Nigeria plans to use a $3 billion loan it’s negotiating with the World Bank to tackle mounting debt in the power sector that risks the collapse of companies running the national grid.
“Distribution companies are not collecting enough revenue to pay their bills to the power-generation companies, who then can’t pay their bills to the gas companies supplying them,” Shubham Chaudhuri, the country director of the World Bank, said in an interview in Abuja, the capital.
“The federal government has been stepping in to cover the bills for now, because otherwise the power will shut off.”
Africa’s most populous nation — with almost 200 million people — struggles to meet its electricity needs even after state-owned power assets were sold to private investors in 2013 in a bid to boost supply.
Electricity production per capita is less than 15% of the average of emerging-market economies and less than 25% of the sub-Saharan Africa average, according to the International Monetary Fund.
Almost everyone in Nigeria depends on generators for regular electricity supply, adding drastically to costs for businesses.
President Muhammadu Buhari’s government has asked for World Bank assistance to turn around its power industry.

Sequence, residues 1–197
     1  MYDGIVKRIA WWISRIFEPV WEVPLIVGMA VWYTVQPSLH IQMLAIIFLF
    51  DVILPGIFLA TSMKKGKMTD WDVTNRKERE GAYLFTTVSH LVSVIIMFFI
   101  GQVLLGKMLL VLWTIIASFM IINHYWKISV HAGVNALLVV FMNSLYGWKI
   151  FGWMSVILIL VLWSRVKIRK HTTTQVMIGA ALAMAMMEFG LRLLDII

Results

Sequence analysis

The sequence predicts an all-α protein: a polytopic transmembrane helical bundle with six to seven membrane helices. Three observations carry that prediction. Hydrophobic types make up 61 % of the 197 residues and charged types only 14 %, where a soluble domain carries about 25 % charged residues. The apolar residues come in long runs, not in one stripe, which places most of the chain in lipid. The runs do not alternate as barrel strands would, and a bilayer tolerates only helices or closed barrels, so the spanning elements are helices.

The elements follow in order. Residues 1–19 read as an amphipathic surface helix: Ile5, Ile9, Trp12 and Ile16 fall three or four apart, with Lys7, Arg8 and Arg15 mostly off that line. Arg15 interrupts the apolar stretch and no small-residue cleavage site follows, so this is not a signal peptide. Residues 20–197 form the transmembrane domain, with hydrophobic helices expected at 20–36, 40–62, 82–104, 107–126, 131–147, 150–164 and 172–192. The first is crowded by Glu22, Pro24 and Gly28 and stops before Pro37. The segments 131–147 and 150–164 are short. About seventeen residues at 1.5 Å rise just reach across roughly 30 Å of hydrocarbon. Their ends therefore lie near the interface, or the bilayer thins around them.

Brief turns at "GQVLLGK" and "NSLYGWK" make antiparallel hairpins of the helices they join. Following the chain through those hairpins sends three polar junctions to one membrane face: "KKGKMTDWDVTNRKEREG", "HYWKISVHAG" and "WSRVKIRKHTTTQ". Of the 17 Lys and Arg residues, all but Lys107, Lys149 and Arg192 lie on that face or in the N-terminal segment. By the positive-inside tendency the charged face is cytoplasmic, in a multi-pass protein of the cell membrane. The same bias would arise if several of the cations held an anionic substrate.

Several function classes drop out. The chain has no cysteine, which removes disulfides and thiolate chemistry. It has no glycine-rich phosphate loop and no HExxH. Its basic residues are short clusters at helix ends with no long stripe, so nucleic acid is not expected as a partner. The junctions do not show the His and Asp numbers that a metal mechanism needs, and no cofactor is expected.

Chaudhuri said some of the solutions may be new policies and regulations, along with additional financing.
“What we’re trying to do is to help the government figure out what combination of reforms and financing will be needed to get the power sector on track,” he said.
The World Bank is also encouraging the West African country to improve its business environment to create the space for businesses to thrive, create jobs, and address the country’s poverty. Nigeria has climbed 15 places to 131 in the latest ease-of-doing-business rankings.
Using Lagos and Kano, two of the country’s biggest cities, substantial improvements were found in the speed of registration of companies, streamlining of payments, quick issuance of construction and electricity-connection permits for new businesses.
“It’s a combination of action at the federal level and the state levels,” said Chaudhuri. “It’s a conversation between the federal, state governments, the private sector and international partners.”